Maybe the quietest Shakespeare month ever! We’ve started reading Measure for Measure but that’s about it. So let’s get started.
As always, I will once again mention to visitors of this blog that Shakespeare Calling – the book is available for purchase. Please help promote the book by buying it, of course, and telling your friends about it, by liking and sharing it on Facebook, Twitter, Amazon, Bokus…. And please encourage your local book shops and libraries to buy it. Thank you. Your support is needed to keep this project alive.
Available on http://www.amazon.com/Shakespeare-Calling-book-Ruby-Jand/dp/9163782626/ref=sr_1_1?s=books&ie=UTF8&qid=1436073737&sr=1-1&keywords=Ruby+Jand+shakespeare+calling
or Adlibris. Or contact the publisher firstname.lastname@example.org
Shakespeare Calling – the book is promoted by
- In the novel Broken Homes by Ben Aaronovitch
- Peter, who is told that Oberon wanted to keep the beautiful child from Efrra, (the river god and goddess of the Thames, fairies if you will) thinks: ‘She never had so sweet a changeling,’ and remembers that he had been the third magic tree on the left in a school production of A Midsummer Night’s Dream when he was twelve.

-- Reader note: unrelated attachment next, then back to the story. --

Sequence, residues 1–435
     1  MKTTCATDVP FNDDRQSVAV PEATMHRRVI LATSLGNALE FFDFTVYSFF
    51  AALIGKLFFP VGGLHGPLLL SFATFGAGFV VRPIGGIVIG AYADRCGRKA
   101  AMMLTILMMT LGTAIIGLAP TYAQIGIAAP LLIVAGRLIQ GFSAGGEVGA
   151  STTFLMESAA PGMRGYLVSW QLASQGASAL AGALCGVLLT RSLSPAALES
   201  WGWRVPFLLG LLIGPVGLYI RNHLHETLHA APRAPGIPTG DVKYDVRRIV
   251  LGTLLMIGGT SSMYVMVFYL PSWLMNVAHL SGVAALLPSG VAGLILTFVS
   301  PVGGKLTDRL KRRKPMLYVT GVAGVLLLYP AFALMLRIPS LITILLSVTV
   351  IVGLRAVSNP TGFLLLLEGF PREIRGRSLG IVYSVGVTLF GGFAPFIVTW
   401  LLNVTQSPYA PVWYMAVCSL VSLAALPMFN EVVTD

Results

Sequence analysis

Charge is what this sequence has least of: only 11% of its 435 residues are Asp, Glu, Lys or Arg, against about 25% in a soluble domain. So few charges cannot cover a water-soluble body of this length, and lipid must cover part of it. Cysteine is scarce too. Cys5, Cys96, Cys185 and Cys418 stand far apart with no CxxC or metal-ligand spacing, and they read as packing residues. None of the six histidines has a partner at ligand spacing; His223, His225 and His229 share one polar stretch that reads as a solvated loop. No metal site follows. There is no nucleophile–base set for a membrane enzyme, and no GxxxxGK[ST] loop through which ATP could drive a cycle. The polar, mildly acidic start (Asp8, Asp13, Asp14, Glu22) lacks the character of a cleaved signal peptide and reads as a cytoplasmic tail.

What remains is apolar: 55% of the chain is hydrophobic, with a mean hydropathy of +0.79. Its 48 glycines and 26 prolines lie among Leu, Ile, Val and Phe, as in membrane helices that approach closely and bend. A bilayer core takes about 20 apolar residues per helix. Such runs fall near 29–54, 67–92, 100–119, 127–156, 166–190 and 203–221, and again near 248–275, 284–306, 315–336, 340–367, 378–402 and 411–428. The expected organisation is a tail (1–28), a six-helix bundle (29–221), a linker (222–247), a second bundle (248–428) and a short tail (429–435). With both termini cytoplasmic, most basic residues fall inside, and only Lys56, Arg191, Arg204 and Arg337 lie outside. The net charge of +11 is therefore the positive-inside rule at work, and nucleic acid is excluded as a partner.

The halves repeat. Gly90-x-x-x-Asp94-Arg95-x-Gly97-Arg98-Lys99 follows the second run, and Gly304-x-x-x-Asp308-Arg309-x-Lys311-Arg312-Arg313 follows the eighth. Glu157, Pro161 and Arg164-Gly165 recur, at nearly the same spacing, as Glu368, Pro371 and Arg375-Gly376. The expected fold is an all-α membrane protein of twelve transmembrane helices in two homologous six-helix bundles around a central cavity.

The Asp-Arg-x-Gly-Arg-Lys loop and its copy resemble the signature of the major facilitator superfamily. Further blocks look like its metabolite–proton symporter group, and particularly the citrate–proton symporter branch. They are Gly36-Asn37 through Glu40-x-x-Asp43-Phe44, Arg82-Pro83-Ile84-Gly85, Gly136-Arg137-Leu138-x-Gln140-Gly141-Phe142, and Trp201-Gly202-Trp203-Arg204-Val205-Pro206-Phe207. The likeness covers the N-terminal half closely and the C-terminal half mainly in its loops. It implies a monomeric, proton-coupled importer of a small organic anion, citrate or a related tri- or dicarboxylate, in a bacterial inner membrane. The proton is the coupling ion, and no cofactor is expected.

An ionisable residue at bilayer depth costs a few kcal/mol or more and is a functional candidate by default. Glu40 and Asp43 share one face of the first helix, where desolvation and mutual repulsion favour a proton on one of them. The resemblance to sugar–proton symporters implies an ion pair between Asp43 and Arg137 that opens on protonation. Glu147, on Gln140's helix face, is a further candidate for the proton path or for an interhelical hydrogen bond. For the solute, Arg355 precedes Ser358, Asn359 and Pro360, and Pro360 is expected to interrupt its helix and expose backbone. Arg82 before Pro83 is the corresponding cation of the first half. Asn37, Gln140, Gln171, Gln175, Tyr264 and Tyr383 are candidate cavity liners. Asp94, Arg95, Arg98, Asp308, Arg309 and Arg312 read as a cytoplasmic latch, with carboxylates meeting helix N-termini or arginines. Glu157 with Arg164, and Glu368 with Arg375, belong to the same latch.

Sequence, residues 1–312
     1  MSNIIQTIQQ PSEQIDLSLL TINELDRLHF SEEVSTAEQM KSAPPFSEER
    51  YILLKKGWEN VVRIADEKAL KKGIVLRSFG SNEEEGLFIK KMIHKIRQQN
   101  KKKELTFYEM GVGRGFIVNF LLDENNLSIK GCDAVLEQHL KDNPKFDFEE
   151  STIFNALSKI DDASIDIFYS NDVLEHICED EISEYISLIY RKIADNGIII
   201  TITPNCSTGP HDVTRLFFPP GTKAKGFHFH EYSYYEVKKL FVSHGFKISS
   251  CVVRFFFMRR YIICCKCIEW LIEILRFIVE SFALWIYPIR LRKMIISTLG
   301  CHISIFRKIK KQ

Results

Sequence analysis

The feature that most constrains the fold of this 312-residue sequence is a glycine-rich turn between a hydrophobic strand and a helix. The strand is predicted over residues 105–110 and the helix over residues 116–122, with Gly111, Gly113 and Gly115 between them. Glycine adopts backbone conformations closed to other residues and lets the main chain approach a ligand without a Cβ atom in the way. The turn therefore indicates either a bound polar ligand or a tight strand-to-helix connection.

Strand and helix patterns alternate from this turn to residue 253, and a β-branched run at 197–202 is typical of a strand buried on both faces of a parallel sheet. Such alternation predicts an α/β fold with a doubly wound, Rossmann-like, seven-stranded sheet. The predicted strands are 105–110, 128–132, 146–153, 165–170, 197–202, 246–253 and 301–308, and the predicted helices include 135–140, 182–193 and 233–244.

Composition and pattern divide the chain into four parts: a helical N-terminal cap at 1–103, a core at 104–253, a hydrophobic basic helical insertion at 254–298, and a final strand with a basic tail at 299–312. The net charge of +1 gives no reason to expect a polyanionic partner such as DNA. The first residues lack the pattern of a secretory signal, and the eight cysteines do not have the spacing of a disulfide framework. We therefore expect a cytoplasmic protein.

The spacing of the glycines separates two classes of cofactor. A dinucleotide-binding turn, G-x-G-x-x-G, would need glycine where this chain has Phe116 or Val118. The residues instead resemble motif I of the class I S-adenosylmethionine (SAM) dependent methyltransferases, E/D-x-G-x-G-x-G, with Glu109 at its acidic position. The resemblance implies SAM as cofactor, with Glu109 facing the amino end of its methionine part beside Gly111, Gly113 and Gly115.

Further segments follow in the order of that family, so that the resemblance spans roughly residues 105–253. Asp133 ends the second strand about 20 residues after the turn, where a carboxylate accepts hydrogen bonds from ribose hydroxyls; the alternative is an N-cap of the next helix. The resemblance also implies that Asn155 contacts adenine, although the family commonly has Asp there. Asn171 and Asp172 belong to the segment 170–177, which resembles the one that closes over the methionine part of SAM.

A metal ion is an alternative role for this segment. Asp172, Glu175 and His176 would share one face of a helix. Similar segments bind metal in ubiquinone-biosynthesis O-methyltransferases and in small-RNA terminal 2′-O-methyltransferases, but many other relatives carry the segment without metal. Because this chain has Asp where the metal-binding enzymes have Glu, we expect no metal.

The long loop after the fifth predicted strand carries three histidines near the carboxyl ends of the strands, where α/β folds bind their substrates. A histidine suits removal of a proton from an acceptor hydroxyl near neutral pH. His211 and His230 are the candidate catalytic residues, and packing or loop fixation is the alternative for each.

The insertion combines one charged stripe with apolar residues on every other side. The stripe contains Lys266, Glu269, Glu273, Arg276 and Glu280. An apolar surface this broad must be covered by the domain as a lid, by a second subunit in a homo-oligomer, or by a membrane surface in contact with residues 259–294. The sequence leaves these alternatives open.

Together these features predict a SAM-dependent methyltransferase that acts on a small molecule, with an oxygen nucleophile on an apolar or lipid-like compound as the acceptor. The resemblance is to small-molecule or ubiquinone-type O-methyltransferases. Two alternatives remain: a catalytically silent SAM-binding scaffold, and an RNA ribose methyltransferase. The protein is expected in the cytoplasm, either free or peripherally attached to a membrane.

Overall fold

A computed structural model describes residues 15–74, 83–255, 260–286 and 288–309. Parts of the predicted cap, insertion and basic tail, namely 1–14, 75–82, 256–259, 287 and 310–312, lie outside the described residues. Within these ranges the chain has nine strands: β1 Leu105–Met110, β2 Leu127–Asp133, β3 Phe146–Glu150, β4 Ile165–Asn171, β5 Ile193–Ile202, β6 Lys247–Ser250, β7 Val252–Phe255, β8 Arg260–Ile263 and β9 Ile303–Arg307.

- In describing ‘Southwark as the oldest bit of London proper’, Peter reminds us that ‘Shakespeare got pissed on a regular basis in Southwark.’ Well, we don’t know that for sure, but it’s quite possible.
- In Kazuo Ishiguro’s masterpiece Never Let Me Go when young Tommy has one of his temper tantrums he is described as ‘rehearsing his Shakespeare.’
- In the Norton Anthology English Literature Volume 1 I’ve come to the mystery plays. We are told that The Chester Play of Noah’s Flood was still performed when Shakespeare was a boy.
- In Season 4 of Grimm a detective describes an old triangle murder case as Shakespearean.
- In Season 3 of Buffy the Vampire Slayer the English class is discussing Othello and Buffy, who is temporarily a mind reader, gets the answers right (for once) since she can read the teacher’s mind.
- Jacqueline Winspear begins her novel Journey to Munich with a quote: ‘The wheel is come full circle, I am here,’ from King Lear.
Further since last time:
- Finished reading: James Shapiro’s 1599 - a Year in the Life of William Shakespeare
- Started reading aloud with Hal: Measure for Measure
Posted this month
- This report